Weber, D. J., Rutala, W. A., & Sickbert-Bennett, E. E. (2007). Outbreaks associated with contaminated antiseptics and disinfectants. Antimicrobial agents and chemotherapy, 51(12), 4217-4224.
WHO 2010- Guide to Local Production: WHO-recommended Handrub Formulations.
Vargova M, Lakticova KV, Hromoda R, Cimbolakova I, Uher I, Papajova I and Peter K (2020) Sanitation and the Environment
DOI:http:/ /dx.doi.org/10.5 772/intechopen.93106.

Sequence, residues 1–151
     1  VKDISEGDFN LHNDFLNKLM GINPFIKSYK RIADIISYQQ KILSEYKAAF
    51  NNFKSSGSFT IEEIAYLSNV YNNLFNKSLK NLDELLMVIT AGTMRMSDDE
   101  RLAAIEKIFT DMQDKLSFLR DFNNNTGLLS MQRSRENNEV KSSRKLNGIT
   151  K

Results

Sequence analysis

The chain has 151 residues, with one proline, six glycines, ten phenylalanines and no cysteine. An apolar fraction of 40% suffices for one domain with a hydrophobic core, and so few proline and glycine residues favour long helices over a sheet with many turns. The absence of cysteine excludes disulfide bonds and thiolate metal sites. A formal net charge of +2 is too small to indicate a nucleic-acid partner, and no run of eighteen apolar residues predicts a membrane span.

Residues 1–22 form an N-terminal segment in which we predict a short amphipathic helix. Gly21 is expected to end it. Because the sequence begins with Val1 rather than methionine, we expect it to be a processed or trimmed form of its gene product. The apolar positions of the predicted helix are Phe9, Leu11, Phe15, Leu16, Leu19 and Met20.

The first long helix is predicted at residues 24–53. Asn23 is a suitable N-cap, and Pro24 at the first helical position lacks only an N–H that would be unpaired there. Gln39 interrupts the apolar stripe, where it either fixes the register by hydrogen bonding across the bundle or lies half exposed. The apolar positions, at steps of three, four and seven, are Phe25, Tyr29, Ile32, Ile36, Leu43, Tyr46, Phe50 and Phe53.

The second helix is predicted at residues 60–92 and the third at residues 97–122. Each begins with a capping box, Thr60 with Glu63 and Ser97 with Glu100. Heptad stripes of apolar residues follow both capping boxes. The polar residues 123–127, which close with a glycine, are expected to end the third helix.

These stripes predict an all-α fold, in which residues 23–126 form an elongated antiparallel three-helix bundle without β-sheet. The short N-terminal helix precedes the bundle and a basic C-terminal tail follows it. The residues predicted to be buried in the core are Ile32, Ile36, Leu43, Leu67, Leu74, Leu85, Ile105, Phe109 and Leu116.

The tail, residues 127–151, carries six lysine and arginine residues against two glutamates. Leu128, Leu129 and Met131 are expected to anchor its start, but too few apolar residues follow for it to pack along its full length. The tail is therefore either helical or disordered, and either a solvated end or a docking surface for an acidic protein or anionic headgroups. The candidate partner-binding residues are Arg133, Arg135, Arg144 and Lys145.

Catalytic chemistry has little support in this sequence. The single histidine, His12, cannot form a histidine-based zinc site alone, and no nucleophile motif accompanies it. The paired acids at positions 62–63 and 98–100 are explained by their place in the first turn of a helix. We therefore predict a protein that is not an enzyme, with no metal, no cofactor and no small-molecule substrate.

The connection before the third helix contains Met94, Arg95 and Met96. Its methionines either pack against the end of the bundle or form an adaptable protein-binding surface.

OECD Guideline for testing of chemicals https://www.oecd.org/chemicalsafety/risk-assessment/1948209.pdf
Amy, G., R. Bull, Gunther F. Craun, R. A. Pegram, M. Siddiqui, and World Health Organization. Disinfectants and disinfectant by-products. World Health Organization, 2000.
Mohapatra 2017 Sterilization and Disinfection https://doi.org/10.1016/B978-0-12-805299-0.00059-2.
Society of Gastroenterology Nurses and Associates, Inc. (SGNA). (2017). Guideline for the Use of High Level Disinfectants and Sterilants for Reprocessing of Flexible Gastrointestinal Endoscopes [Practice standard]. Chicago, IL: Author